Cardinals from Latin America have in different ways expressed their preferences for a “Latino”-Pope. The Brazilian Cardinal Odilo Pedro Scherer is considered the Latin American favorite.
According to the Peruvian Cardinal Juan Luis Cipriani, the political and geographical background of the candidates will not tip the scales in the upcoming Papal Election. At the Conclave, these criteria will remain sidelined, said the Archbishop of Lima on Wednesday in the Peruvian capital. The Cardinals would be guided in their decision only by the personal attributes of candidates. Since the announced resignation of Pope Benedict XVI, there is also speculations whether Latin Americans or Africans could be his successor.
Even the choice of a non-Cardinal Cipriani considers to be possible: “That would be unusual, but the resignation of the Pope was unusual too. It cannot be ruled out.” When asked whether he himself would be on hand, the Archbishop said: “No. This is too hard and also a special preparation is necessary to do so.” Many persons were better prepared than he is. Cipriani is the only representative of the Peruvian Church in the forthcoming Conclave.
However, if Venezuelan Cardinal Jorge Urosa Savino had to decide, then the successor of Benedict XVI. would come from Central or South America. “Hopefully this time we can bring this joy to Latin America, but we leave it to God, who will lead the hearts and minds of the Cardinals to decide,” the 70-year-old archbishop of Caracas, saidon Wednesday in his episcopal city.
The Mexican Cardinal Jose Francisco Robles Ortega (63) calls for “a more open and globalized vision” of the Catholic Church by the future Pope. Topics such as the rejection to same-sex marriage, abortion, and women in the priesthood are however “non-negotiable”, the Archbishop of Guadalajara, said at a press conference on Wednesday.
But the Chairman of the Mexican Episcopal Conference, who is participating in a Conclave the first time, does not see chances for a Mexican Pope. I see “no Pope from Mexico,” says Robles. Three Mexican Cardinals will be participating in the Conclave: Besides Ortega also Cardinal Norberto Rivera Carrera (70) from Mexico City and Juan Sandoval Iniguez (79), the Emeritus Archbishop of Guadalajara.
Scherer most likely
The Brazilian Cardinal Odilo Pedro Scherer applies (63) is the most promising asset from a Latin American perspective. The Archbishop of Sao Paulo is traded in the Latin American media from Mexico City to Santiago de Chile liked the area. The family of the graduate theologist descended from German immigrants. He is a nephew of the former Archbishop of Porto Alegre, Cardinal Alfredo Vicente Scherer.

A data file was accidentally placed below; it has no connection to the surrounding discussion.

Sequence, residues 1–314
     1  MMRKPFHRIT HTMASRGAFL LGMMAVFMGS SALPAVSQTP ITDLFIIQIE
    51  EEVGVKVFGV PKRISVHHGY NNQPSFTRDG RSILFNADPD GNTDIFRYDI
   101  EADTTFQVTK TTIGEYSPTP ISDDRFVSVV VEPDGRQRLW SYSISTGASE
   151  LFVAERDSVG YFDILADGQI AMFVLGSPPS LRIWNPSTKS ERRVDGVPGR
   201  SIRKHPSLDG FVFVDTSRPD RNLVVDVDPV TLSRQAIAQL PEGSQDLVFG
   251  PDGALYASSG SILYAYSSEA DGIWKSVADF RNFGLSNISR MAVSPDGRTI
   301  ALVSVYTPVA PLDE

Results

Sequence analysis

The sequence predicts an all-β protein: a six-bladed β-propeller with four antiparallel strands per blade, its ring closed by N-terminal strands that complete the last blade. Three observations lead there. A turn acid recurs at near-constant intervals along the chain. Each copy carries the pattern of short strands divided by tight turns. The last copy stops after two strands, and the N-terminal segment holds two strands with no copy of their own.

Odilo Scherer was succeeded by Cardinal Claudio Hummes, who in 2005 was one of the promising candidates in the conclave in 2007. Scherer is include to the conservative wing of the Brazilian church. He is well connected and has strong backing in the Vatican. From a European perspective, he is considered a moderate liberal. A Pope from Brazil, would have a special charm during the World Cup in 2014 and the Olympic Games 2016 in Rio de Janeiro. In July there will also take place the World Youth Day.
“Putsch-Cardinal” and Benedict confidante
Continental competition arises Scherer from Argentina and Honduras. The Argentine Cardinal Leonardo Sandri (69) gained international fame, as he announced the death of Pope John Paul II on April 2, 2005. He is said to be a close confidante of Benedict XVI and his predecessor. Cardinal Oscar Rodriguez Maradiaga (70) had been traded already at the papal elections in 2005 as a possible successor to John Paul II..
The attitude of the Archbishop of Tegucigalpa during the 2009 coup d ‘ état in Honduras, won Rodriguez the nickname “Coup-Cardinal” in left-wing circles in Latin America. He accused the in 2009 brought down President Manuel Zelaya as well as his successors in the office of corruption.
Church critic Barranco chanceless
Joao Braz de Aviz (65), Jorge Bergoglio (77) and Ruben Salazar Gomes (70) are considered underdogs. Aviz, Prefect of the Congregation of the order, and former Archbishop of Brasília is rumored to have an affinity to the Liberation Theology, which has won him a lot of sympathy in Latin America. The Jesuit Bergoglio of Buenos Aires is said to have only made possible the election of Benedict XVI in the 2005 Conclave through his drawback. But his unresolved role during the military dictatorship in Argentina, is considered too great a burden. The Colombian Salazar is the desired candidate of the Andean region. The Archbishop of Bogota, however, has been a Cardinal only for a few months.
For the Mexican churches critic and book author Bernardo Barranco, chances are equal to zero on a Pope from Latin America: “They have no charisma, do not have the necessary cultural background”, he delivers a damning indictment to the Latin American Cardinals.